Features

Erdogan whittles away Turkish democracy

It was a symbolic loss for his party, but now Turkish president Recep Tayyip Erdogan wants to have another try.

943-Erdogan-634

Erdogan: let's try again

It was a symbolic loss for his party, says The Economist, but now Turkish president Recep Tayyip Erdogan wants to have another try. On 31 March voters in Istanbul chose Ekrem Imamoglu of the opposition Republican People's Party to be mayor and rejected the president's Islamist allies, who have controlled the city since 1994.

Erdogan's AK party demanded a recount. When it became clear that that would not deliver the desired result, the party went further calling for the election to be overturned and re-run. Erdogan has claimed without any compelling evidence that the opposition stole the ballot with the help of "organised crime". The move threatens to destroy one of "the last remaining pillars of Turkey's democracy" and has spooked markets, sending the lira down by more than 3% against the dollar since the start of April.

Economic troubles seem to lie at the root of growing discontent with the ruling party, say Selcan Hacaoglu and Onur Ant on Bloomberg. Official data shows that most of the municipalities that swung from Erdogan's camp to the opposition at last month'slocal elections have been disproportionately affected by rising unemployment. Turkey's jobless rate hit 14.7% in January, its highest reading in a decade. The economy fell into a recession at the end of last year and the lira ended the year down 30% against the US dollar.

The recession has undercut Erdogan's long record of growth over his 16 years in power, says Richard Prez-Pea in The New York Times. That has made voters more willing to give the opposition a hearing. AK is keen to cling onto Istanbul not only for its symbolic value it is Erdogan's home town but also because it is a vital source of the municipal contracts and charitable donations that underpin the ruling party's "network of cronyism and nepotism". With 15 million people, Istanbul is the most populous city in Europe.The fight over its future will put Turkish democracy to the test.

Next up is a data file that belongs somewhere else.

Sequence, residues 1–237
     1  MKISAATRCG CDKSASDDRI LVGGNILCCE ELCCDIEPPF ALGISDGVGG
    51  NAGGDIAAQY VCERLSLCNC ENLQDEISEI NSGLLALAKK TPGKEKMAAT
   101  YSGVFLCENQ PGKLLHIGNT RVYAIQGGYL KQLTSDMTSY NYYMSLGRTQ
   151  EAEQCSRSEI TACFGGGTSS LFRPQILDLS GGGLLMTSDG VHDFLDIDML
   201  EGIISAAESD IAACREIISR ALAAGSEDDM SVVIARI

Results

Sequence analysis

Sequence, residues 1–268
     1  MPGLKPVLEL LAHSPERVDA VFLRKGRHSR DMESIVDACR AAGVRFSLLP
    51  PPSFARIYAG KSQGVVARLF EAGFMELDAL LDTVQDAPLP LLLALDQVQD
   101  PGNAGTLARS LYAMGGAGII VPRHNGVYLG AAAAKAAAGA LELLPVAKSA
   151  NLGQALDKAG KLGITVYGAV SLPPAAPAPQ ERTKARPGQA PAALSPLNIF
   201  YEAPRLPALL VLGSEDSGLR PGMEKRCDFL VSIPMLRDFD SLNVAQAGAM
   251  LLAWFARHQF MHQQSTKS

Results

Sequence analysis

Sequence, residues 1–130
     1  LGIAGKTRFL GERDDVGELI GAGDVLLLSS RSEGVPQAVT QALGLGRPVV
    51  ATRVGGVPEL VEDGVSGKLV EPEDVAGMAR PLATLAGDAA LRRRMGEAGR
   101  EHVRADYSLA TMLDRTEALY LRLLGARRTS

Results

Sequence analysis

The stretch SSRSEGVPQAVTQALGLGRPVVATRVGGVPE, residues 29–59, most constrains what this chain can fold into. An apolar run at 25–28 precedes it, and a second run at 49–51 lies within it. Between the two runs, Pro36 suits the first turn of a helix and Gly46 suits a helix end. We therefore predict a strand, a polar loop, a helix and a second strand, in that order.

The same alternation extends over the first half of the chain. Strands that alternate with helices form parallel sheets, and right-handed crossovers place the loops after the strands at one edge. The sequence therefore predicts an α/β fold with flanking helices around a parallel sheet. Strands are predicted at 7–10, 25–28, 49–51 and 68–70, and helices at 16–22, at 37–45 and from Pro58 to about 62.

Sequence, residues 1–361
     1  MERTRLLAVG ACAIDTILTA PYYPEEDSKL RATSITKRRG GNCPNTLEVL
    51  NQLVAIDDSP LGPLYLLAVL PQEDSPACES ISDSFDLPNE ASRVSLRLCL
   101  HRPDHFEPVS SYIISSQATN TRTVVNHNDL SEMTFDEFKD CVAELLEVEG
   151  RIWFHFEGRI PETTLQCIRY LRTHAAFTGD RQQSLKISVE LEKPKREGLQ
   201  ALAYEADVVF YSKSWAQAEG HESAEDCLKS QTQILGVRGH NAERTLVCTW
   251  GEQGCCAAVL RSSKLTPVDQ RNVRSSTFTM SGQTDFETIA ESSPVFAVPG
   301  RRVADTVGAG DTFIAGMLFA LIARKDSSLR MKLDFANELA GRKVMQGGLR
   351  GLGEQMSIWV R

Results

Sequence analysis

Recommended

Shareholder capitalism: why we must return power to listed companies’ ultimate owners
Investment strategy

Shareholder capitalism: why we must return power to listed companies’ ultimate owners

Under our system of shareholder capitalism it's not fund managers, it‘s the individual investors – the company's ultimate owners – who should be telli…
24 Jan 2022
Just how green is nuclear power?
Energy

Just how green is nuclear power?

Nuclear power is certainly very clean in terms of carbon emissions, but what about the radioactive waste produced as a byproduct? It’s not as much of …
22 Jan 2022
The charts that matter: the start of the big crash?
Global Economy

The charts that matter: the start of the big crash?

US tech stocks fell further this week, more than 10% down on their November high. There’s what happened to the charts that matter most to the global e…
22 Jan 2022
Inflation: now we really have something to worry about
Inflation

Inflation: now we really have something to worry about

We’ve been worrying about a sharp rise in inflation for years, says Merryn Somerset Webb – now, we finally have something to worry about.
21 Jan 2022

Most Popular

Ask for a pay rise – everyone else is
Inflation

Ask for a pay rise – everyone else is

As inflation bites and the labour market remains tight, many of the nation's employees are asking for a pay rise. Merryn Somerset Webb explains why yo…
17 Jan 2022
Temple Bar’s Ian Lance and Nick Purves: the essence of value investing
Investment strategy

Temple Bar’s Ian Lance and Nick Purves: the essence of value investing

Ian Lance and Nick Purves of the Temple Bar investment trust explain the essence of “value investing” – buying something for less than its intrinsic v…
14 Jan 2022
Interest rates might rise faster than expected – what does that mean for your money?
Global Economy

Interest rates might rise faster than expected – what does that mean for your money?

The idea that the US Federal Reserve could raise interest rates much earlier than anticipated has upset the markets. John Stepek explains why, and wha…
6 Jan 2022